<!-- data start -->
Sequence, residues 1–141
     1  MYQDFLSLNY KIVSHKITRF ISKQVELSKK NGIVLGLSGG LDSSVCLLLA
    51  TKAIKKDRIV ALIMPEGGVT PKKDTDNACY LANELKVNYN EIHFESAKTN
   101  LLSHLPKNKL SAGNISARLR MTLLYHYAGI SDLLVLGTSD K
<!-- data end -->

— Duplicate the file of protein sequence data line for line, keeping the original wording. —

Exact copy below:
Sequence, residues 1–141
     1  MYQDFLSLNY KIVSHKITRF ISKQVELSKK NGIVLGLSGG LDSSVCLLLA
    51  TKAIKKDRIV ALIMPEGGVT PKKDTDNACY LANELKVNYN EIHFESAKTN
   101  LLSHLPKNKL SAGNISARLR MTLLYHYAGI SDLLVLGTSD K